“Just like, being able to be in a group setting and have fun with friends and make memories on a special night.”

Other area high schools having prom this weekend include EBF, Pella and Knoxville.

Southern Iowa Speedway Season Opener

The 2021 racing season is set to take it’s first green flag of the season on Wednesday, April 21st at the Southern Iowa Speedway located on the Mahaska County Fairgrounds in Oskaloosa, Iowa. Following a shortened season in 2020 due to the pandemic the Southern Iowa Fairboard is looking forward to hosting a full season of exciting racing action on the Mahaska County Monster ½ mile dirt track.

Racing action will again be contested in five classes of race cars on Wednesday nights, Stock Cars will be joined by the Sportmods, Hobby Stocks, Sport Compacts and Wingless Sprint Cars. Wednesday nights racing action will get underway with hot laps taking to the track at 7:15 with racing to follow.  If you can’t make it to the races, they can be heard live each week on KBOE-FM. 

Naig says Raccoon River’s endangered ranking is ‘propaganda’


Iowa Agriculture Secretary Mike Naig is dismissing a national environmental group’s report that cited ag run-off in ranking Iowa’s Raccoon River as one of the nation’s most-endangered rivers.

“That so-called report was a bit of propaganda, I think. It was obviously a Washington, D.C based advocacy organization,” Naig says. “They can go out and say what they want to, but what they talked about related to Iowa is not based in fact. We’re moving in the right direction.”

The American Rivers report described the farm chemicals and manure that drain into the Raccoon River as “a grave threat” to using the river as a source for drinking water. Naig says there’s recently been an acceleration of the voluntary nutrient reduction strategy state officials unveiled in 2013 to promote rather than require conservation practices on Iowa farms.

“We’ve got a long ways to go and I don’t sugar coat that at all…The strategy calls for a 45% reduction in nitrogen and phosphorus loss off of the Iowa landscape,” Naig says. “That’s a big number, not easily achieved. It’s going to time and focus, but the evidence is moving in the right direction.”

About two million acres of Iowa farmland is now planted with oats, rye and other so-called cover crops that hold soils in place. Naig says it took 15 years to reconstruct 100 weblands and another 50 are currently under development. The number of filtration systems called “bioreactors” in Iowa will double after one project in Polk County is completed later this year.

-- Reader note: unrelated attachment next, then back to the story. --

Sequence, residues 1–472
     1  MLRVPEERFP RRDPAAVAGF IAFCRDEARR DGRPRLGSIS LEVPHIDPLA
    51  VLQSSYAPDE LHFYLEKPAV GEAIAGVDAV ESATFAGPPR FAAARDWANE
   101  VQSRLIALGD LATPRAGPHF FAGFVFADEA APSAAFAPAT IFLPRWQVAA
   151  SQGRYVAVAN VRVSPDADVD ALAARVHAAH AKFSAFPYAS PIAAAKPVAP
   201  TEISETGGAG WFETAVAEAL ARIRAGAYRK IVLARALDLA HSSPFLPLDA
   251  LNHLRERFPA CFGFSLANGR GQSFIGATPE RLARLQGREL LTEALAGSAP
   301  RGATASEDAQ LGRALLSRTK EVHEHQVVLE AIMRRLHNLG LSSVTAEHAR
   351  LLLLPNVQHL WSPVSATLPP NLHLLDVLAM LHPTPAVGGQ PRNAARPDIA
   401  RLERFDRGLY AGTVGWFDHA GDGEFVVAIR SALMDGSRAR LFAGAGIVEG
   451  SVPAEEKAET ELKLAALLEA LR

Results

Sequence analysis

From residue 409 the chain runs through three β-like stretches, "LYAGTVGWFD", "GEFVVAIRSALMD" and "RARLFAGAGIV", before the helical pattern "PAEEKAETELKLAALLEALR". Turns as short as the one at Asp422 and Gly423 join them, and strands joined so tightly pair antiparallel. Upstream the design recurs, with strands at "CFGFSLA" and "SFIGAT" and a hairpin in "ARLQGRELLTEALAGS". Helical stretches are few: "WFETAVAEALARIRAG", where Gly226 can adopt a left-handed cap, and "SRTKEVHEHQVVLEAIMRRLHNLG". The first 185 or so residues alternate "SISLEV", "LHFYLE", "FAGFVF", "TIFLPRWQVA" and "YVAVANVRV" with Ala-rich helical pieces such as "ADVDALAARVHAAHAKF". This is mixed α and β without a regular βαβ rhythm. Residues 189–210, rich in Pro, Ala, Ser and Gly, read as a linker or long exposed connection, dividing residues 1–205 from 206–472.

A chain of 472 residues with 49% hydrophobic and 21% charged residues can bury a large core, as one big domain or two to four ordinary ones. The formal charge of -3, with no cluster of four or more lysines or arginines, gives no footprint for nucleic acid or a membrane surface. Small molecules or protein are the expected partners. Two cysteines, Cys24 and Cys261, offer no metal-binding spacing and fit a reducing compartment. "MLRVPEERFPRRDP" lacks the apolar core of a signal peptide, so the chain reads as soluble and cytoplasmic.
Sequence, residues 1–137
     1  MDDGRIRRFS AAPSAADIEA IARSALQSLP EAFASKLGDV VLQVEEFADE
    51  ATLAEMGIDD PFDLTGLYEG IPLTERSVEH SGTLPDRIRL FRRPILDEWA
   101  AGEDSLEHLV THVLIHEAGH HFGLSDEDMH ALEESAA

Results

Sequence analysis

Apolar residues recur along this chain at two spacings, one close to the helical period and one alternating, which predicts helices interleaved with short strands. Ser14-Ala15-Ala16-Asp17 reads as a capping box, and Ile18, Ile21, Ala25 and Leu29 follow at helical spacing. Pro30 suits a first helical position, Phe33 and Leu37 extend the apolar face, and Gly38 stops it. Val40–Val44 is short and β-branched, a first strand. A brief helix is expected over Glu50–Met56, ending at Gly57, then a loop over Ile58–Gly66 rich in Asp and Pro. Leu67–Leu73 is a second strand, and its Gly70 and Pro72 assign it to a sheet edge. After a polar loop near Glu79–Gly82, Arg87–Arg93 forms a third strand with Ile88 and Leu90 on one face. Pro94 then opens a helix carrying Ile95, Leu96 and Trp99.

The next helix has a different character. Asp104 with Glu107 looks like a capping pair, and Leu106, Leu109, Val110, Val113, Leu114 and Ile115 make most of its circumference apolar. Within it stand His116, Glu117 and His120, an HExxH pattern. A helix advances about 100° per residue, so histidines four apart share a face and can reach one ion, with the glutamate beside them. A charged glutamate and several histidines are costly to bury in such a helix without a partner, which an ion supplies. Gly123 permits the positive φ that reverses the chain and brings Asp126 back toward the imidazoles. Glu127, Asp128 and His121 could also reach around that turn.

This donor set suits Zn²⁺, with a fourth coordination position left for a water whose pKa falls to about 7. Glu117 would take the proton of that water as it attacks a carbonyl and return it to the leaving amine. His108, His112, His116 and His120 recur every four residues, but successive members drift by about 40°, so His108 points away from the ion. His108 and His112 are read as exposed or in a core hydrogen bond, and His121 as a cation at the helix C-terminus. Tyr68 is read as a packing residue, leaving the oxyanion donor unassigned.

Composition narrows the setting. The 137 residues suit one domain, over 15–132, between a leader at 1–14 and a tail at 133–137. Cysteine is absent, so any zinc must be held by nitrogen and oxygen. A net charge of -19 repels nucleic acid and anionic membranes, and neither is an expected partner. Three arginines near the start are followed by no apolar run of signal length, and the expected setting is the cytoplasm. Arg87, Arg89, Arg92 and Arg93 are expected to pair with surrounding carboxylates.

Meanwhile, the CEO of the drinking water system for half a million central Iowans says there will be a catastrophe if the state doesn’t find a way to more quickly reduce ag pollution in the Raccoon River. Naig says the Des Moines Water Works is providing safe drinking water now and every indication is it will be able to do so in the future.

“Last year, 2020 — a year unlike any other in terms of disruption to all of our lives, we set a record in terms of conservation adoption in the state of Iowa,” Naig says. “Even in that environment, more farmers, more landowners, more focus, more resources, more partners doing more on the ground than at any other time in our state’s history.”

Naig made his comments during taping of “Iowa Press” which airs tonight at 7:30 on Iowa PBS.

Four days with no COVID deaths in Iowa

It’s now four consecutive days with no deaths reported from coronavirus in Iowa.  And the number of positive tests for COVID-19 in the No Coast Network listening area seems to be slowing down.  The Iowa Department of Public Health says there were another 538 new positive COVID-19 tests reported Thursday (4/15), bringing the state total to 358,677.  There were four new positive tests for coronavirus reported in Jasper County, one in each of Wapello, Marion, Keokuk and Poweshiek Counties with no new positive tests in Mahaska and Monroe Counties.

Bahena Rivera in court

The man accused of murdering Mollie Tibbetts was in court Thursday (4/15) for the first time in over a year. Cristian Bahena Rivera attended a pretrial conference for his first degree murder trial.  Rivera is accused of killing Tibbetts in her hometown of Brooklyn in July 2018.  Bahena Rivera’s trial is scheduled to start May 17 in Davenport.  The trial has been moved from Poweshiek County because of pretrial publicity.

US expels Russian diplomats, imposes new round of sanctions


WASHINGTON (AP) — The Biden administration on Thursday announced the expulsion of 10 Russian diplomats and sanctions against dozens of people and companies as it moved to hold the Kremlin accountable for interference in last year’s presidential election and the hacking of federal agencies.

The sanctions also target Moscow’s ability to borrow money by prohibiting U.S. financial institutions from buying Russian bonds directly from Russian institutions.